The main attraction here is Park’s fanciful artwork. It’s clean and crisp. While it recalls manga artwork, Park also has a unique style. His characters are wiry, fit, and fluid. They look almost like fairies. Which is apt, since the world of Sam & Lilah is not grounded in reality. The surrounding illustrations are likewise whimsical: arrows, icons like battery meters, and other sorts of simple symbols pop up in the background. The bright and washed-out colors give the comic light, magical feel where, at any moment, you expect swirls of cherry blossom petals to appear out of thin air. The only misstep I could think of is with Lilah’s design. Call me chauvinist, if you must, but I think her face looks oddly malleable. She’s quite pretty in some panels, but rather unattractive and rubbery in others.
The story is sweet, if unremarkable and sorta shallow thus far. Sam likes Lilah mainly for her looks (and a bit of curiosity about her powers, I’m guessing). Lilah, on the other hand, likes Sam because he’s a bit of a meathead who’s not too bothered when the gypsy curse manages to give him some super strength. They’re barely more than strangers when they meet. Yet, at around their third encounter, they’re already down to the kissing. It must be true love!
That said, this innocent, fairy-tale method of romance is also rather nice. Maybe heart-breaking conflict is inevitable, but it is rather pleasant to read a webcomic romance that hasn’t yet devolved into the elevated drama levels of a Latin soap opera. Fairy tales are comfort food. Sometimes, a “happily ever after” is all you need. Maybe this is why the wife and I liked Enchanted so much.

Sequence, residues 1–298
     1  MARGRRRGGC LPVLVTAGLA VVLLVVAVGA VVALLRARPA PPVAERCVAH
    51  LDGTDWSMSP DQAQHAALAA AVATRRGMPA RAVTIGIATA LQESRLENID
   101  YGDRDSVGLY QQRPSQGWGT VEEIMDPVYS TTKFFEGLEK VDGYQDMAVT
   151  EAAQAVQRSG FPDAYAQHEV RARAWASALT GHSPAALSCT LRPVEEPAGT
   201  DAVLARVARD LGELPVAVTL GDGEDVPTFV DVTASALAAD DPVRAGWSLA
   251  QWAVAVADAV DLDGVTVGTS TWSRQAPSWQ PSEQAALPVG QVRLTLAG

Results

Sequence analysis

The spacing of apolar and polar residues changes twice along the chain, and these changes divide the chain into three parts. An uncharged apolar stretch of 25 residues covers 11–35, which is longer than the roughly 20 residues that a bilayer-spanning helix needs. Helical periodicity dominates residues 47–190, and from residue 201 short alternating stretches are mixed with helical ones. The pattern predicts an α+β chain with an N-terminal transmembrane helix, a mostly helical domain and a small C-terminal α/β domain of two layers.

Sam & Lilah also strongly reminds me of Japanese seinen manga, most specifically Kosuke Fujishima’s Ah! My Goddess series. The two have so many similarities: the sweet unhindered pacing; the wispy, dreamlike illustrations; and the repurposing legendary figures as modern day characters. In fact, I’m half-way expecting that Lilah’s two meddlesome sisters will show up in future issues. (Eve and Jezebel, perhaps? Please make it so, Jim & Hyeondo.)
I should let you know that I was never a big a fan of Ah! My Goddess. Too airy for me, if that makes any sense. Similarly, I’m not that hooked on Sam & Lilah either. However, I do recognize that there are strong qualities in both. Ah! My Goddess found its audience. Hopefully Sam & Lilah will do the same. It’s wonderfully innocent … and in this world where the sky is always falling, we need more of that.
Rating: 3 stars (out of 5)
NOTE: Bonus points to Jim & Hyeondo for the title, by the way. I must’ve seen it several times before doing this review, and at no point did I associate Sam & Lilah with the Biblical hair farmer and the Philistine saboteur.
Posted on February 10, 2009, in 3 Stars, all ages webcomic, romance webcomic, superheroes, The Webcomic Overlook, WCO Big Review, webcomics and tagged Act-I-Vate, Sam & Lilah. Bookmark the permalink. 8 Comments.